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Analysis of Complications After Breast Reduction Surgery - 3,538 Reductions from the 2005-2010 NSQIP Datasets
John P. Fischer, MD, Eric Shang, MD, Jonas A. Nelson, MD, Liza C. Wu, MD, Joseph M. Serletti, MD.
Hospital of the Univesity of Pennsylvania, Philadelphia, PA, USA.
Reduction mammaplasty is a well-established and effective surgical technique to treat symptomatic macromastia, and represents one of the most commonly performed surgical procedures by plastic surgeons in the US. Conflicting reports cite variable rates of complications and identify different risk factors associated with complications and morbidity. Thus, there is a continued need for outcome assessment studies, particularly from well-controlled large datasets. In this current study we characterize predictors of post-operative complications following reduction mammaplasty using the ACS-NSQIP databases.
We reviewed the 2005-2010 ACS-NSQIP databases identifying encounters for CPT codes (19318) for reduction mammaplasty. We identified surgical complications using defined NSQIP variables, including: surgical site infection, wound dehiscence, deep infection, and return to operating room. We specifically defined two complications: major complications (deep infection and return to OR) and any complication (all surgical complications). A variety of preoperative patient factors and co-morbidities, as well as intra-operative variables were compared. Patients experiencing complications were compared to those who did not. Exploratory univariate analyses were performed and regression analysis was used to identify predictors of complications.
A total of 3,538 patients were identified with an average age of 43 years and BMI of 31.6 kg/m2 were included in the study. The majority of patients underwent outpatient surgery (80.5%) with an average operative time of 180 minutes. The incidence of overall surgical complications was 5.1%. The following factors were independently associated with surgical complications: morbid obesity (OR=2.1, P<0.001), active smoking (OR=1.7, P<0.001), history of dyspnea (OR=2.0, P<0.001), and resident participation (OR=1.8, P=0.01). The incidence of major surgical complications was 2.1%. Factors associated with such complications included smoking (OR=2.7, P<0.001), dyspnea (OR=2.6, P<0.001), resident participation (2.1, P<0.001), and inpatient surgery (OR=1.8, P=0.01).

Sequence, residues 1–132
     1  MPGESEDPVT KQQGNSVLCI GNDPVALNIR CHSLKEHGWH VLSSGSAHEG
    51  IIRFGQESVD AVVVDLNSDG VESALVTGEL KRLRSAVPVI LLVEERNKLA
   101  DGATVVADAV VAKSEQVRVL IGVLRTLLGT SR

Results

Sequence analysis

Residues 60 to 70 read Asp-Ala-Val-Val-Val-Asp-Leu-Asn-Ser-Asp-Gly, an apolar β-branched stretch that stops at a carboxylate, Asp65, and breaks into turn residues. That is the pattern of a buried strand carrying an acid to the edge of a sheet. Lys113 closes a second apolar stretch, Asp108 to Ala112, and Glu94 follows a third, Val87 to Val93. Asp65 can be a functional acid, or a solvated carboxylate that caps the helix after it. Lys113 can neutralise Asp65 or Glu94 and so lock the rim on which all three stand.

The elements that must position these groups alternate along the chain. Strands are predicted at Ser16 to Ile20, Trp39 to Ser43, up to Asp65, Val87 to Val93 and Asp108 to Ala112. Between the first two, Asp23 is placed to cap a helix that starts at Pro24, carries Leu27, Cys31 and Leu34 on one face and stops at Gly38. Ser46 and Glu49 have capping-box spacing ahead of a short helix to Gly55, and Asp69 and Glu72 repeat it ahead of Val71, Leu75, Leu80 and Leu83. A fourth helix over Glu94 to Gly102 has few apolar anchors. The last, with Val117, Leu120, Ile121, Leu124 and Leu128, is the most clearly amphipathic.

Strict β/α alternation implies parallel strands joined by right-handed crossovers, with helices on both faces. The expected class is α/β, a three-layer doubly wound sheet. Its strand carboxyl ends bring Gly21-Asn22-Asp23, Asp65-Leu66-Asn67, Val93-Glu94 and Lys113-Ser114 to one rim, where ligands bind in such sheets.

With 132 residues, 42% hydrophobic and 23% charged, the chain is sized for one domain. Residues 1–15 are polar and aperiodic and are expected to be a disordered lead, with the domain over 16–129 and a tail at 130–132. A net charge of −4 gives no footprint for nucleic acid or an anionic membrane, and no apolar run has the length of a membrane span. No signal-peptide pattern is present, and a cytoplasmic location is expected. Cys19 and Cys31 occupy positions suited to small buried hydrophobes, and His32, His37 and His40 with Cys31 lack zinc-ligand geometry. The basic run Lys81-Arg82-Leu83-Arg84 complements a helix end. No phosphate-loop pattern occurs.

This study characterizes post-operative surgical complications following reduction mammaplasty in very larg cohort of patients derived from a prospective national registry. We report an overall incidence of complications in 1 in 20 patients and a 1 in 50 incidence of a major complication. These data can be used in preoperative discussions with patients. We have additionally identified several independent risk factors associated with surgical complications, including smoking, obesity, dyspnea, and resident participation. Modifiable factors associated with both surgical complications and major complications such as obesity, smoking, and respiratory function present new opportunities to risk stratify and select patients. These data can assist the reconstructive surgeon and enhance peri-operative decision-making.
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